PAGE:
- February-July, 1782: Letters from Sir Robert Boyd concerning the siege of Gibraltar and Boyd's procuring of 12 Lamego hams as a prize
- August 7, 1782: James Macabee to Shelburne from the Salopian Coffeehouse, outlining a "plan for an expedition against the Havannah, connected with an idea conducive to pacification with America"
- August 13, 1782: Proposal from Benedict Arnold to Shelburne to fund the construction of a ship of war
- August 24, 1782: John Murray Dunmore, 4th earl of Dunmore, to Sydney containing a proposal to settle displaced Loyalists on the Mississippi River after the American Revolution
- September 4, 1782: Anonymous letter opposing the sending of an ambassador to the Barbary State of Morocco
- [September 1782]: Report translated from the Spanish on a revolt in Peru
- : Notes on New England trade
- June 25, 1784: Henry Caldwell to Thomas Townshend, concerning taxes and the Quebec Act's effect on Canada
- July 17, 1784: Intelligence from Juan Pablo Viscardo y Guzman, on the state of Spanish settlements in South America
- September 24, 1784: William Pitt to Sydney enclosing a letter from George III to Pitt concerning the East India Company and military forces in India: Document containing "observations on the Statute of 14 Geo: 3 For regulating Madhouses"
- : "Case of an English Subject at the Capture of Saint Eustatius by Lord Rodney and General Vaughan in the year 1781"
- : Document containing a "Comparative View of the Trade to Jamaica from the Continent of America in the years 1784 & 1785 and before the War"
- January 9, 1786: Marquis de Lafayette to John Adams dealing with trade between American and French merchants
- June 28, 1786: Lieutenant Governor of Quebec Henry Hope to Evan Nepean concerning Canadian politics and governance
- July 5, 1786: Documents and copies of letters from Sir George Brydges Rodney, commander in chief of the West Indies to the Secretary of the Navy, concerning St. Eustatius and the Leeward Islands, and from William Knox on the St. Eustatius Bill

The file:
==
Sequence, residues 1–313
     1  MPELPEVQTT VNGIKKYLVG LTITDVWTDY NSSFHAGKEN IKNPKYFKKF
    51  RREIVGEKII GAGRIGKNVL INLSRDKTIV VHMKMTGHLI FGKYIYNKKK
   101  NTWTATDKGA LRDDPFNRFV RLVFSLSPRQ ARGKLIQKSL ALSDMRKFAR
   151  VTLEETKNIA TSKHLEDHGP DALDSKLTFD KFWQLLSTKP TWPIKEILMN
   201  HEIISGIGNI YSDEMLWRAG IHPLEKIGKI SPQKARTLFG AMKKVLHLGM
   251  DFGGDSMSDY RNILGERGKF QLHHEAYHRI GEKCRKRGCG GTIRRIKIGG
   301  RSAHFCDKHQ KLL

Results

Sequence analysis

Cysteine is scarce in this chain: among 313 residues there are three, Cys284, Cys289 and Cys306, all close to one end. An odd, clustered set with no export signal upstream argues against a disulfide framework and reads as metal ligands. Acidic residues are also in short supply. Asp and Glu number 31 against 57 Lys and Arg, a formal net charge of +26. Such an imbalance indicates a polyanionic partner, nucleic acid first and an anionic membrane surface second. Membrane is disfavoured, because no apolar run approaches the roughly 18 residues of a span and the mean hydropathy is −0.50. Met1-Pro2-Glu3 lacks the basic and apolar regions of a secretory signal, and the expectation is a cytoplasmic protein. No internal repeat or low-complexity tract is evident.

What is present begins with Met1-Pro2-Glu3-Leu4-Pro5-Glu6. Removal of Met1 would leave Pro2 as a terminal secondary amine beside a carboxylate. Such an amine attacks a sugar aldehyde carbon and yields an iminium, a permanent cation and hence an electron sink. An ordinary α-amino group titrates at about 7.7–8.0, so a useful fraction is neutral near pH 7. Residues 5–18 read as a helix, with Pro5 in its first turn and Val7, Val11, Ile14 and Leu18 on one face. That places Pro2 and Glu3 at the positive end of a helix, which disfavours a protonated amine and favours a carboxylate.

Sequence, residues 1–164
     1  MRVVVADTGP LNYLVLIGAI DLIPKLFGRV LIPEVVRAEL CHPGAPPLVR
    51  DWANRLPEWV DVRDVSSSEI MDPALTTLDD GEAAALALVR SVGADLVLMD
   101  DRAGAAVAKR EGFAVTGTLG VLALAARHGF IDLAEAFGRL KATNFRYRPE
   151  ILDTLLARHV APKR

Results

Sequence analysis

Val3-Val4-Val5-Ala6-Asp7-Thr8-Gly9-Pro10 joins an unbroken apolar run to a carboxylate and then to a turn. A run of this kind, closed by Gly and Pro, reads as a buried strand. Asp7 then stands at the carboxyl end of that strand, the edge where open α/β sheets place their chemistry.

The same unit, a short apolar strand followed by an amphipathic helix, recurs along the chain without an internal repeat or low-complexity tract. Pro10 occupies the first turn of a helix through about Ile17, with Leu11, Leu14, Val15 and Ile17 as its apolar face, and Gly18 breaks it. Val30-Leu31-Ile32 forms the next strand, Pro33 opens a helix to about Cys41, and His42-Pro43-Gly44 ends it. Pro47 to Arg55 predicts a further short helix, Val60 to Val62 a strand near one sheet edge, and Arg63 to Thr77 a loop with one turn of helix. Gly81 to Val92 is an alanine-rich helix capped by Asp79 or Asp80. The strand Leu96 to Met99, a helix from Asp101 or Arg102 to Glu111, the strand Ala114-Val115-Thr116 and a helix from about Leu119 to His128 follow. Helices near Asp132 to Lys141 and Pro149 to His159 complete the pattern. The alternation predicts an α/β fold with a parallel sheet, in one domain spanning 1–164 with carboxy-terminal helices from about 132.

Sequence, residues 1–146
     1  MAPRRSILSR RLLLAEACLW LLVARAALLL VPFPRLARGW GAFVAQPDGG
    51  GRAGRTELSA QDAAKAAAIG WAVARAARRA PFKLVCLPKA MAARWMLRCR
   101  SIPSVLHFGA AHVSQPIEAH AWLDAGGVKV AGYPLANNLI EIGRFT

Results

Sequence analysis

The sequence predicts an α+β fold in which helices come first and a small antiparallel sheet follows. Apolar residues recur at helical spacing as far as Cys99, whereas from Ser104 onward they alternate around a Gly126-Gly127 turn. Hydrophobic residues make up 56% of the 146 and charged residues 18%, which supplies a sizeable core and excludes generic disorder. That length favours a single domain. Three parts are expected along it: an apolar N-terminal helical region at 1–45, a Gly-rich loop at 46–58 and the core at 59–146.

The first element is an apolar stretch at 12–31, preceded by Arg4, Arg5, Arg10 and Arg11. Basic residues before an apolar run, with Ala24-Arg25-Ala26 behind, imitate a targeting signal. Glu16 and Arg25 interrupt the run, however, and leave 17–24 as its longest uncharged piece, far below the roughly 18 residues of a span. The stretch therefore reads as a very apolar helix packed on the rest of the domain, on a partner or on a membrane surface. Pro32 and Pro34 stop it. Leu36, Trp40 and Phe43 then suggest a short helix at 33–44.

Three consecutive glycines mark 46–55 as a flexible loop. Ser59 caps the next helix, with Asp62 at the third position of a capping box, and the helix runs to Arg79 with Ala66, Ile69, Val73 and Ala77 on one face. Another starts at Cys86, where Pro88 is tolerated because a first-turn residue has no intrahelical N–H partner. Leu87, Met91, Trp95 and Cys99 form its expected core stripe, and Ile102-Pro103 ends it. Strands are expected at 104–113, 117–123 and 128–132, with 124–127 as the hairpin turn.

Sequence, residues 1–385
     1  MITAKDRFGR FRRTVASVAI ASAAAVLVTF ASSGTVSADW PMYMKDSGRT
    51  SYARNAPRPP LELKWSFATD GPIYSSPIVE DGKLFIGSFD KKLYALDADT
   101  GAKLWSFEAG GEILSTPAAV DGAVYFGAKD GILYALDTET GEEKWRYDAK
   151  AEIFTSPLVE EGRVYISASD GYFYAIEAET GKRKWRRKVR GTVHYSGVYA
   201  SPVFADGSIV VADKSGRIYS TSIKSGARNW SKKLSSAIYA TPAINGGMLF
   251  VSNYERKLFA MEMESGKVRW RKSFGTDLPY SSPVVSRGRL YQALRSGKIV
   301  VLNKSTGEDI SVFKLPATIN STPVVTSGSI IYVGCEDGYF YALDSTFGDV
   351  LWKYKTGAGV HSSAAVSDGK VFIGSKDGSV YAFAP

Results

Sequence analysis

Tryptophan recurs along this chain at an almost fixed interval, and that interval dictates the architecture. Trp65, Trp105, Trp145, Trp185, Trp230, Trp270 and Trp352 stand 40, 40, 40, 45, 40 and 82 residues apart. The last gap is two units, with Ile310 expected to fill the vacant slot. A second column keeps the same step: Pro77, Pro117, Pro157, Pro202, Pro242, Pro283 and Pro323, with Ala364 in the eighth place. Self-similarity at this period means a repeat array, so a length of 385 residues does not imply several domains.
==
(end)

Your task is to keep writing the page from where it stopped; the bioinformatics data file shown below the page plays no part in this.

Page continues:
- June 30, 1788: Thomas de Grey to Sydney concerning William Pitt's slave bill
- December 3, 1788 and : Resolution from the Privy Council containing the record of examination by George III's physicians of his illness and a report on the medical treatment given to the King
- March 1, 1789: Report from "Speculator A" to Sydney concerning corruption in Cape Breton
- April 9, 1789: Richard Downing Jennings account of the proceedings of Lord Rodney and General Vaughan at St. Eustatius
- June 6, 1789: Statement for Sydney's secret service-related accounts
- May 28, 1790: George Townshend memorandum to the House of Lords concerning the importation of personal property by subjects of the United States
- November 20, 1792: Sydney to unknown concerning the French character and the French role in the American Revolution
- Memorial from John Blankett regarding establishing a colony for convicts on Madagascar
- Extracts from Captain Arthur Phillip's diary detailing affairs with diamond mining in Brazil
- William Townshend to Nicholas Hawksmoor containing a brief note and a detailed pencil sketch of the doorway in the Sheldonian Theatre, Oxford
- Sydney's notes on the economy of New England
- Miscellaneous document: Observations on a bill to regulate distillers
- Miscellaneous document: On the status of St. Lucia
- Miscellaneous document: On the status of Surinam in the 17th century
The Additional Items series (3 items) consists of an account book, a legal report, and a legal document. The account book documents governmental expenses for secret services during the American Revolution, many of which are disbursements for Evan Nepean (1782-1791). The legal report concerns an inquiry into Edward Lascelles, collector of customs in Barbados, by Surveyor General Robert Dinwiddie (c.1745). The final item is a "Deed of trust" for land and slaves owned by Henry Compton and others in St. Kitts Island.